doolally tap

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From Deolali (the name of a former British army camp 100 miles north-east of Bombay, used as a transit station for soldiers awaiting transport back to Britain) + tap (from Persian or Urdu تب(tab, malarial fever), ultimately from Sanskrit ताप(tāpa, heat; fever)).
According to one theory, to go doolally tap was to go crazy waiting.

Alternative forms[edit]


doolally tap ‎(uncountable)

  1. Camp fever; by extension, madness, eccentricity.
    • 1971, Brian Aldiss, "A Soldier Erect"
      Mrrhhhh, nothing wrong with me, sergeant, it's just the old Doolally Tap.
    • 1994, Maurice Hayes, ‎Seamus Heaney, "Sweet Killough: Let Go Your Anchor"
      'The Doolally tap,' my father would say, mysteriously, and McAllister would agree.
    • 2008, Amitav Ghosh, "Sea of Poppies"
      It would probably give Mrs Doughty an attack of the Doolally-tap.
    • 2009, Annie Murray, "A Hopscotch Summer"
      'He's got the doolally-taps,' she'd heard Bob say when they mentioned him, and he usually rolled his eyes and tapped his temple when he said it even though he didn't speak unkindly.


doolally tap ‎(comparative more doolally tap, superlative most doolally tap)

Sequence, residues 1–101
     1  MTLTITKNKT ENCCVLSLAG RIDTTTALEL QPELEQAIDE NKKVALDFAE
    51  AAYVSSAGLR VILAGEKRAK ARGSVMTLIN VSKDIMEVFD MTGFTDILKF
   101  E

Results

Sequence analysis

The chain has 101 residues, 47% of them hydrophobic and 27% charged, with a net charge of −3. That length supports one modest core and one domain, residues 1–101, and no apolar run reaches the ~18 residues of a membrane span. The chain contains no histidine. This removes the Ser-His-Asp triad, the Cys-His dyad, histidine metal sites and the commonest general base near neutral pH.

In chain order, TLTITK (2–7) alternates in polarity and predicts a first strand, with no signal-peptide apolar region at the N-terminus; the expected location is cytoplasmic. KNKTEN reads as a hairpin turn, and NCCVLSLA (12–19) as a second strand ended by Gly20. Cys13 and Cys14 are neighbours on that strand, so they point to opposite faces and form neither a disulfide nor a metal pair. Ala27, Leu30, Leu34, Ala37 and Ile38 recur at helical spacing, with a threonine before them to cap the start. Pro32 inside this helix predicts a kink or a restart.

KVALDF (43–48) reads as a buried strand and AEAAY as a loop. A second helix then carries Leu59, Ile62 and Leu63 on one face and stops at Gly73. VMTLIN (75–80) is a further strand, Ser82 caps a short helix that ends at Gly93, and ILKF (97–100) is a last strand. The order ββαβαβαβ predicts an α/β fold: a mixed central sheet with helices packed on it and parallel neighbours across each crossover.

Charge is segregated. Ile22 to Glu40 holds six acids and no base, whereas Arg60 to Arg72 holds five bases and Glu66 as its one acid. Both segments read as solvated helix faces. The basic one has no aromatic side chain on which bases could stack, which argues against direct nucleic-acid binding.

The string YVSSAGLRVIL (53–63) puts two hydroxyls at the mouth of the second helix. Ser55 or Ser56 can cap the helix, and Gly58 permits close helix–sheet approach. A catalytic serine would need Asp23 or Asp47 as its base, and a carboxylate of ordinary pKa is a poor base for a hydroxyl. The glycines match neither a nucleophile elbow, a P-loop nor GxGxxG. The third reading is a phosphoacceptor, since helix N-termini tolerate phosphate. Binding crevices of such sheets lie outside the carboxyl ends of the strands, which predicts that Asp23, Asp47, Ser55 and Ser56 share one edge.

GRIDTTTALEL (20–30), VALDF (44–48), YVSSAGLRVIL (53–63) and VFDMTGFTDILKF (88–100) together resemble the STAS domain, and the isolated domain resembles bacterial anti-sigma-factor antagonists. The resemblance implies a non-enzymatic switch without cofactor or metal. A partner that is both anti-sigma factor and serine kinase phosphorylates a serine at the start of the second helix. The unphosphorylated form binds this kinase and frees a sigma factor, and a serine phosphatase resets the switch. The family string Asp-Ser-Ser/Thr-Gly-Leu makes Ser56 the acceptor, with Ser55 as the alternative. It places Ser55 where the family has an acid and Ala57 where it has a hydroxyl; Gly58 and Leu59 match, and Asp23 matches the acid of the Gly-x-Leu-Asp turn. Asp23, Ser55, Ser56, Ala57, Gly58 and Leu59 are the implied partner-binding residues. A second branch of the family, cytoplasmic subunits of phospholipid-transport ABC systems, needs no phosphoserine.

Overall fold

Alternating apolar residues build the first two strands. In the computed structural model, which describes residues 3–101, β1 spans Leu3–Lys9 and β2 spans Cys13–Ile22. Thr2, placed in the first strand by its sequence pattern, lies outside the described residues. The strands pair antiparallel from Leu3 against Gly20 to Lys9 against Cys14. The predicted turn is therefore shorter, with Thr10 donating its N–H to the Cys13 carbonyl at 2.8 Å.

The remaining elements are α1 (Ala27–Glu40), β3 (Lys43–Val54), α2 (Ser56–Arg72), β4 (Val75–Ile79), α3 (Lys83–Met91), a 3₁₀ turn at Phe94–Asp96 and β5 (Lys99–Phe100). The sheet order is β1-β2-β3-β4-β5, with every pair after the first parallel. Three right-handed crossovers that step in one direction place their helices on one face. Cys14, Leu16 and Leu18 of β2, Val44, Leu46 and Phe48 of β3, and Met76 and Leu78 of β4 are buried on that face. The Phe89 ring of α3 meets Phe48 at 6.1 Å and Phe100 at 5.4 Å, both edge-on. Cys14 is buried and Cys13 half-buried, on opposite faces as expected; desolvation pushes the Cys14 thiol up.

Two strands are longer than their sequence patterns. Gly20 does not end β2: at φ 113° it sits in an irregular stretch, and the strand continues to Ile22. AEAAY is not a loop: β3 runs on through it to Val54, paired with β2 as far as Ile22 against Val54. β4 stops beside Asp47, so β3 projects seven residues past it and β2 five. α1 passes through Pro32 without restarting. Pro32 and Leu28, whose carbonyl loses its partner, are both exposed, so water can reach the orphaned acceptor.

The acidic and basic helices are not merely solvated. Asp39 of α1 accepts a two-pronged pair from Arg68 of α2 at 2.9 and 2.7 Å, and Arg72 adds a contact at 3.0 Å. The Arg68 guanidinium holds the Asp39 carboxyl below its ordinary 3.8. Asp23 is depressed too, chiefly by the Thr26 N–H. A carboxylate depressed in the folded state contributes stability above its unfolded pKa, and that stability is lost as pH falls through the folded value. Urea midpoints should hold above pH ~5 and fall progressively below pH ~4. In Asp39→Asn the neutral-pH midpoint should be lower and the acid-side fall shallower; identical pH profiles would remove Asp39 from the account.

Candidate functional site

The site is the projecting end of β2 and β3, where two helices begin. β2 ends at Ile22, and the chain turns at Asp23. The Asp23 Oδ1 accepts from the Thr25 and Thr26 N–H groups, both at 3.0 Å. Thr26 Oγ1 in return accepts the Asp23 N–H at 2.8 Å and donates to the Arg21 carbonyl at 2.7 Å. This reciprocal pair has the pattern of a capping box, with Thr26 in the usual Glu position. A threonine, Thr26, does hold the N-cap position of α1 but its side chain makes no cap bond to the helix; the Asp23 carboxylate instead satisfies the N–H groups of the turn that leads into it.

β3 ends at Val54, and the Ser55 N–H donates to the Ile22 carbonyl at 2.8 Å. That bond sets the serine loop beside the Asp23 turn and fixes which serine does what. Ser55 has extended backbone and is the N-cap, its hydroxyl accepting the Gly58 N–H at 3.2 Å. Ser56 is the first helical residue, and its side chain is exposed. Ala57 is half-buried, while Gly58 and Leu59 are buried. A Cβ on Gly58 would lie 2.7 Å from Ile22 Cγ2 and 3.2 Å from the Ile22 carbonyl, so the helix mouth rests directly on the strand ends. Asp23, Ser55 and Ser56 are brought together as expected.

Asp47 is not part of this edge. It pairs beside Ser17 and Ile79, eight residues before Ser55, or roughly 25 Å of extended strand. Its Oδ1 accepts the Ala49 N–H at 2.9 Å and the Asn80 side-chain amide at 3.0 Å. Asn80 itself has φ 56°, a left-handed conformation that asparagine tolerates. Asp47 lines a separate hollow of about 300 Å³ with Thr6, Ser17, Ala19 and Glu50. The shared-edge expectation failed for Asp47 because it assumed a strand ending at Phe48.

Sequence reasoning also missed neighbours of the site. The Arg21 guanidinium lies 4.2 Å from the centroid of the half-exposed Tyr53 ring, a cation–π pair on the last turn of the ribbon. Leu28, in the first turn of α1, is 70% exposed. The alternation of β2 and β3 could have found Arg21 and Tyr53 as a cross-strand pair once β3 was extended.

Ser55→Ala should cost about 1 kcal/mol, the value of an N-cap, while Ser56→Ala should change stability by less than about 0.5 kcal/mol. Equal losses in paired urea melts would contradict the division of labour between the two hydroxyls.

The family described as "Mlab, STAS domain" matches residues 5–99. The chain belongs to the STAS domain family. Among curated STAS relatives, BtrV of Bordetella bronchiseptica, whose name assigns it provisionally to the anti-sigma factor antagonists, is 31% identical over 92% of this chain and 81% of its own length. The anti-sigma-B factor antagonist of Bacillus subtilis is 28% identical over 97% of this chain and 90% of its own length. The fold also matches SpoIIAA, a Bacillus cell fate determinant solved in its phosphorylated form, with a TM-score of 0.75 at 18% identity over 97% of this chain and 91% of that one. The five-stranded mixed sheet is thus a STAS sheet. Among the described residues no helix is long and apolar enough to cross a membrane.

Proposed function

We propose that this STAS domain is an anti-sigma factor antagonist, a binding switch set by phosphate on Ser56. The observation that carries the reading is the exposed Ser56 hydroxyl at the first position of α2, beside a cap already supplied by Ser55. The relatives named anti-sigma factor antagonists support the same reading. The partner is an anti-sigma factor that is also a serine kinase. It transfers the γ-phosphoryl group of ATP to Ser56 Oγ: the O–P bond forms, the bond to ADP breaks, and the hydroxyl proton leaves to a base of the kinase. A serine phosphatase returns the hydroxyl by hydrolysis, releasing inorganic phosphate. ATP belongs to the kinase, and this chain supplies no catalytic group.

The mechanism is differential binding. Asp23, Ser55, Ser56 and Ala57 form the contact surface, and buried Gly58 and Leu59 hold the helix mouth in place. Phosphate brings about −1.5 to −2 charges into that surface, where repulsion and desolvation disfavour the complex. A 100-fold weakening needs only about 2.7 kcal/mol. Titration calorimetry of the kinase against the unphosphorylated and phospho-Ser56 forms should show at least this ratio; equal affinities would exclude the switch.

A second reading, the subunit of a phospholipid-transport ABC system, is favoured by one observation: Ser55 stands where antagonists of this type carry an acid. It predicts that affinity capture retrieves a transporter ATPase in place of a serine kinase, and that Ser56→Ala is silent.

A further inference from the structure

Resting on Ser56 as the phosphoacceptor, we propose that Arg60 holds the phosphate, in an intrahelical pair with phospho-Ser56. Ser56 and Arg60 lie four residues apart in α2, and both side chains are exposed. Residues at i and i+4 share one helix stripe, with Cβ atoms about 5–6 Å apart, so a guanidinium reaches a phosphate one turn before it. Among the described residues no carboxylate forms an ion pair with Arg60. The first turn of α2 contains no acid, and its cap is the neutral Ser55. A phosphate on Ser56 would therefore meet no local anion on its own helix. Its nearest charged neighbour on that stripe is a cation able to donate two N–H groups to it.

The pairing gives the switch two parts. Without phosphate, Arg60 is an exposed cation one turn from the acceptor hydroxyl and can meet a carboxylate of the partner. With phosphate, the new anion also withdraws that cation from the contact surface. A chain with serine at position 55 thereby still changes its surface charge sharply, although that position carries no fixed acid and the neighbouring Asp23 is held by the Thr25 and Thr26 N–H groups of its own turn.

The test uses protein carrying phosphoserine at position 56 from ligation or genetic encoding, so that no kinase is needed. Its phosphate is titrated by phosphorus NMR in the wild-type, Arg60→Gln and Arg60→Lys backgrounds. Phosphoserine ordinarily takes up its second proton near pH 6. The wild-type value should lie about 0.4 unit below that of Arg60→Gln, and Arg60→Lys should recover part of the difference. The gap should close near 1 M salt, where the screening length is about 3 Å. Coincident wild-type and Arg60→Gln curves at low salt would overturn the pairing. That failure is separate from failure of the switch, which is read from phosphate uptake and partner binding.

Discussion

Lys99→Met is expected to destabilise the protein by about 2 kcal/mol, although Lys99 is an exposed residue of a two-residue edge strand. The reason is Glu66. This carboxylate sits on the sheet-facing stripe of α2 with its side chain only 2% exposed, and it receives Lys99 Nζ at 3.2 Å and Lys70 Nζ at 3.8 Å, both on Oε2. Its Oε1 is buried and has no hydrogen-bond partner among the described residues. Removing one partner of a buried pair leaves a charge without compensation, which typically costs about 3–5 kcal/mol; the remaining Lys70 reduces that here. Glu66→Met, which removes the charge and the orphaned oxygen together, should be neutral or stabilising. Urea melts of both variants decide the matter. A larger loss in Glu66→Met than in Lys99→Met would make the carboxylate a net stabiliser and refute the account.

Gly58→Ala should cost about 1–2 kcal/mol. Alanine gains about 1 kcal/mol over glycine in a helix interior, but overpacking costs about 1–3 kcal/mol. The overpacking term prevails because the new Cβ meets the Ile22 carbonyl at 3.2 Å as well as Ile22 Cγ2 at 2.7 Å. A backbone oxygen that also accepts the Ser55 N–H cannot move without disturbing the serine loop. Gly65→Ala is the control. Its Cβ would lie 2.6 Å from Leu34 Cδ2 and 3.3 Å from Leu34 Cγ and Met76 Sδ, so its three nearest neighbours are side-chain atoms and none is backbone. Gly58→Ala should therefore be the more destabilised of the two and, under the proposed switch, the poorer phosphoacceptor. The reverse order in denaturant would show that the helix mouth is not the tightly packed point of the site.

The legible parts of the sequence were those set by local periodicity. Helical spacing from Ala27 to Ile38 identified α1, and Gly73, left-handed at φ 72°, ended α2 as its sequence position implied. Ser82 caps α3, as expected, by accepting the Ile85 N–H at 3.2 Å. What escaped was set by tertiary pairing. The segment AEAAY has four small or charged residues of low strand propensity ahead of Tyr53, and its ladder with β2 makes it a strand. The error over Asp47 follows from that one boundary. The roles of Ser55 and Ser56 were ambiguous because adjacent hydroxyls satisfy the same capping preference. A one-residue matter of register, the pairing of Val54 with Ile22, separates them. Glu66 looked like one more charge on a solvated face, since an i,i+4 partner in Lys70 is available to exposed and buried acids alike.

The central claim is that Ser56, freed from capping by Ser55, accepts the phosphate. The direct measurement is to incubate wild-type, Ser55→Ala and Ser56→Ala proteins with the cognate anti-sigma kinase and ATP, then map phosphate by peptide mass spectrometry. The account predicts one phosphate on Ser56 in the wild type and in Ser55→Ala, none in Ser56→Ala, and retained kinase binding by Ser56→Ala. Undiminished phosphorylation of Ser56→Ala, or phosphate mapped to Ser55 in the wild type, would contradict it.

1. (Britain) Mad, insane, eccentric.
    • 1985, John E. Gardner, The Secret Generations, page 294,
      Going a bit doolally-tap, if you ask me. Getting odd ideas.
    • 1993, Catherine Cookson, My Beloved Son, page 355,
      The whole family think I've gone doolally-tap; all except Mick, that is.
    • 1994, Julia Grant, Just Julia: The Story of an Extraordinary Woman, page 198,
      Most thought that the prison sentence had sent me doolally tap.
    • 1996, Erin Pizzey, Kisses, page 277,
      Madam has gone quite definitely doolally tap, if you'll pardon the rather common expression.
    • 2007, Martina Cole, Faces, unnumbered page,
      If he had not paid her phone bills she would have gone doolally tap, as her mother used to say, without a friendly voice now and then.

Derived terms[edit]